While these sites could be used to create a permanent dog park in the Columbia Heights community, there may be others. Do you have a suggestion to add to this list? Are there sites I have missed? And, if the District is able to buy the 11th and Park WMATA property, do you think they should pursue any of these sites for other uses?

Mark Your Calendars — Annual Tree Lighting in Columbia Heights and Park View Are Here

November 26, 2018

The annual District Bridges Tree Lighting in Columbia Heights is here! On Friday, November 30th, at 6:30 pm, District Bridges is hosting the community event at the Columbia Heights Civic Plaza for the annual Columbia Heights Tree Lighting Extravaganza. Merry makers will enjoy complimentary cocoa, candy canes, and carols. This is a great event for the entire family.

AND this year, District Bridges will be hosting a holiday event on December 7th at the intersection of Georgia Avenue and Rock Creek Church Rd, outside the old Sweet Mango. Its great to see District Bridges spreading the cheer to Park View this year.

Housing to Replace Former Church on Holmead Place, NW

September 6, 2018

(Former Church of Jesus Christ of Latter Day Saints building at 3423 Holmead Place, NW)

On Wednesday, September 12th, ANC1A will review and consider a zoning case requesting support to convert the vacant church at 3423 Holmead Pl, NW, into a new building containing 7-units of family sized housing (see plan set here).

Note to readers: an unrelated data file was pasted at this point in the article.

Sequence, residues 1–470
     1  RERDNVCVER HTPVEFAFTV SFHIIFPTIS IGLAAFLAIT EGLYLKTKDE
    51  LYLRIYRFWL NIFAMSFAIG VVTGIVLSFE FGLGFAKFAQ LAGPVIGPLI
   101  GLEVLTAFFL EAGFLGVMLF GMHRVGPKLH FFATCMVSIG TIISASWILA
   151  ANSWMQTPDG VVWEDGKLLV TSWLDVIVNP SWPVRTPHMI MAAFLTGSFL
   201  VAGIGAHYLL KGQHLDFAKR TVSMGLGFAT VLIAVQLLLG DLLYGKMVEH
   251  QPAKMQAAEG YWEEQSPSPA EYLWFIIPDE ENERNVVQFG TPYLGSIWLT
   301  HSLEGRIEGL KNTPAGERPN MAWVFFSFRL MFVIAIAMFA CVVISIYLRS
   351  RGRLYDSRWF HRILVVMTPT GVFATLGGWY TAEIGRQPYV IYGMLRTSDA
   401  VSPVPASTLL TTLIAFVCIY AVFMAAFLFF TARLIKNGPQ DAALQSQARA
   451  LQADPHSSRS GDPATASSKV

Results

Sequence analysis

The proposal is requesting zoning relief in the following areas:

  1. The RF-1 Zone allows for a conversion of a property from a non-residential building to an apartment house by way of Special Exception for a project not meeting one or more of the matter of right criteria. This project as designed does not meet two of those criteria, which requires that the addition be limited to thirty-five feet in height and which prohibits the removal of architectural elements original to the structure (such as the steeple in this case);
  2. Relief from the criteria governing the front setbacks for residential dwellings in the RF-1 Zone. In this case, the existing structure currently does not conform with this criteria and the development is not proposing to change the existing setback of twenty-five feet;